• SignOut() – Quite simply, this method does exactly what is says.  First, it calls the standard System.Web.Security.FormsAuthentication.SignOut() method to log you out.  Then, it clears all of the cookies that DNN uses to manage the permissions for the user.

Filtering User-Entered Text

Now we are going to get into the meat of why I originally began writing this blog entry.  We need to protect ourselves from malicious string values that may be submitted to our modules or providers.  I used the word malicious, but it is possible that the person who does this might not be doing it intentionally.  The most common way to protect against harmful user string values is shown below:

MyDataObject.PropertyName = Server.HtmlEncode(TextBox1.Text)

This will catch most of the security sensitive data that you don’t want to be saved and/or rendered to your DNN website.  But sometimes you need something a little more specialized.  The InputFilter() method in the PortalSecurity class will help you.  To simulate the previous example, here is how it might change:

Imports DotNetNuke.Security
Dim pSecurity As New PortalSecurity
MyDataObject.PropertyName = pSecurity.InputFilter(TextBox1.Text, NoMarkup)

With just a tiny bit of extra coding, the previous example does pretty much the same exact thing as Server.HtmlEncode().  But you get out of it core functionality that can be reused over and over, and called from child threads or the DNN scheduler.  It also performs a check to see if the encoding even needs to be done, potentially having higher performance than just calling HtmlEncode() alone.  You may have already noticed, but the second argument in the InputFilter() method is an Enumeration, allowing for more ways to filter the users’ input.

Here are the values for the FilterFlag enumeration:

  • MultiLine – This option simply replaces all line breaks with HTML break tags. Unfortunately, the break tags are not XHTML compliant.
  • NoMarkup – After checking to see if there is any HTML markup in the string, this then calls the HttpUtility.HtmlEncode() method.
  • NoScripting – This is one of the most handy options, as it prevents all of the known ways that can be used for cross-site scripting (XSS) attacks, by removing the potentially malicious strings.  Also, if the string is already HTML encoded, this option first decodes the string before running the security filter.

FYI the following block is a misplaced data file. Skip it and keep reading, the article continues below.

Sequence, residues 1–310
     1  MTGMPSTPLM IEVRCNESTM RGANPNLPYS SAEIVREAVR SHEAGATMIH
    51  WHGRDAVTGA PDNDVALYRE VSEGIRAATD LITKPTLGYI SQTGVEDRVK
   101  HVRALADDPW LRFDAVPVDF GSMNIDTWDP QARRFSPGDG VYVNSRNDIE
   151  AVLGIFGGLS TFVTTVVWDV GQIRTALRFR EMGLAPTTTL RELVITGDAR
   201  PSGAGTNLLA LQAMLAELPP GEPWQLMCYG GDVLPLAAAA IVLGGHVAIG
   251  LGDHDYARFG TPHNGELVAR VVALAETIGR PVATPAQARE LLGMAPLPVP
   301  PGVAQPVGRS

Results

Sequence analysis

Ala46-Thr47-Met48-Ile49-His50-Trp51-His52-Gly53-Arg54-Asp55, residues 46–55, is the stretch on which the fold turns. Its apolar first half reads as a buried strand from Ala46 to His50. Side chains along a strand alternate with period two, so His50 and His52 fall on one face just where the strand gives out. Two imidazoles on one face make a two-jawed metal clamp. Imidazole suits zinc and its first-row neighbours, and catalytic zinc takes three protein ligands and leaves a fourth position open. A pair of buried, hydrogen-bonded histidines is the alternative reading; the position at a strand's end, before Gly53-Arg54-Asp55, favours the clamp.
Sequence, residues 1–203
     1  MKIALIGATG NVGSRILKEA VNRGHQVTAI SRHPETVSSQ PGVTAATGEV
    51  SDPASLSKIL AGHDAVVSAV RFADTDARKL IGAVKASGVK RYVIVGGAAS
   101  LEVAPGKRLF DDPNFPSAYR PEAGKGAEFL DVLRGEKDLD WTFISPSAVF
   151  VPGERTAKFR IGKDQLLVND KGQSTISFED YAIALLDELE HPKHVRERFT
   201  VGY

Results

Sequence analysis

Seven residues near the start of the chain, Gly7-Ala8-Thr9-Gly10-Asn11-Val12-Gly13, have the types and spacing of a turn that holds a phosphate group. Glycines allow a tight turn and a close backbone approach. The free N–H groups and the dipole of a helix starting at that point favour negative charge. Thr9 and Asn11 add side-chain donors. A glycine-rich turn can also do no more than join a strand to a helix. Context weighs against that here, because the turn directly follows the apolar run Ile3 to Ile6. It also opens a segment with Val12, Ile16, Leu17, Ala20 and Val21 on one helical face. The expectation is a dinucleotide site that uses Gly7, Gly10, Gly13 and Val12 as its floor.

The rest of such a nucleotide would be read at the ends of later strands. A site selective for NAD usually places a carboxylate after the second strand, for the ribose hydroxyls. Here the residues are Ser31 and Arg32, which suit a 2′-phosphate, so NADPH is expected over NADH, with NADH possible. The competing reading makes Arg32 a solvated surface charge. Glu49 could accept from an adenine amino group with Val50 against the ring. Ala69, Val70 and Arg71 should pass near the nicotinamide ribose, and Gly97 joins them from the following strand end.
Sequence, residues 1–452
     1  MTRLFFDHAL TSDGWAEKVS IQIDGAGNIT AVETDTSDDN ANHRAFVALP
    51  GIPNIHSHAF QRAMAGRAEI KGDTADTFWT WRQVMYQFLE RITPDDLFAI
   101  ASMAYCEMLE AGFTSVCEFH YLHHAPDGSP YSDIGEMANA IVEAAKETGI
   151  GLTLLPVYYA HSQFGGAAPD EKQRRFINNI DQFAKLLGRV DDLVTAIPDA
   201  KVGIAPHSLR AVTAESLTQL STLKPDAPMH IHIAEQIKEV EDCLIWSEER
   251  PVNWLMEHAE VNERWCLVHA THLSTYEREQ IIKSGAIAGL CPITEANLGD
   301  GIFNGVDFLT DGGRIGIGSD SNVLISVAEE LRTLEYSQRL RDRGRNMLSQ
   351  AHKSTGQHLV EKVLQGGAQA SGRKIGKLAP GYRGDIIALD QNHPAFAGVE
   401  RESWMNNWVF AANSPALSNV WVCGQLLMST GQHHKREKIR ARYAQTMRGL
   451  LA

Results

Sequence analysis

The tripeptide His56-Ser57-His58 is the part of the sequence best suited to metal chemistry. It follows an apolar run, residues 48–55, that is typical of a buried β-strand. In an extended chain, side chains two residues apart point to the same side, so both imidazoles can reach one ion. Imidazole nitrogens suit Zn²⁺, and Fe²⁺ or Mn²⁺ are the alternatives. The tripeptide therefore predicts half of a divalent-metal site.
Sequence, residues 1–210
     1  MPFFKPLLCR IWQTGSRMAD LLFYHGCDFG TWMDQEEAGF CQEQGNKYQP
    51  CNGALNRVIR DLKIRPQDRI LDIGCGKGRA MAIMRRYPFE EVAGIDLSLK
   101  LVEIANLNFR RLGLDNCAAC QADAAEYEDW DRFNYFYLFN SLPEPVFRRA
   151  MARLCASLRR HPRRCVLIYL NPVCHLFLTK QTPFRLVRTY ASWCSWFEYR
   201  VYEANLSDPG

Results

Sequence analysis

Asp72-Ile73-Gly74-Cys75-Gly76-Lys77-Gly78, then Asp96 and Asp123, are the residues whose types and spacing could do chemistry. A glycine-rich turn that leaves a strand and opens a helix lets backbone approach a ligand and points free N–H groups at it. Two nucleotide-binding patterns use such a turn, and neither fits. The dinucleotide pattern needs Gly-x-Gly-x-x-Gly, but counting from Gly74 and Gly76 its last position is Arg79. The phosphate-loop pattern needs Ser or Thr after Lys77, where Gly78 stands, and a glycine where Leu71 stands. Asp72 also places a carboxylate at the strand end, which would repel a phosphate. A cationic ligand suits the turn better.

• NoSQL – With the DAL and DAL+ that is offered by DNN, this option should be the least useful, as we should all be using Stored Procedures. However, if you find it necessary, you can use this option to remove the known attack methods used to perform SQL Injection attacks.  When you look at the source, it looks very much like the “Clean SQL” methods we used to write in the Classic ASP days.
  • NoAngleBrackets – This is an interesting option.  If it worked like the others it would just do it’s thing, which is to find and remove angle brackets, namely the < and > characters.  However, if you call this option, it is possible for the Web.Config to override you and cause the angle brackets to not be removed.  I will explain below.

In the web.config, you have the following AppSetting:

<add key=”RemoveAngleBracketsvalue=”false/>

If that AppSetting is either missing, or the value is False, then the angle brackets will not be removed even though you called it.

There you go!  DotNetNuke does an outstanding job of doing a lot of work for us, and providing common functionality that we don’t need to write.  This blog entry is a prime example of how much you can rely on DNN to save you time, effort, and add more value to your programming effort and project.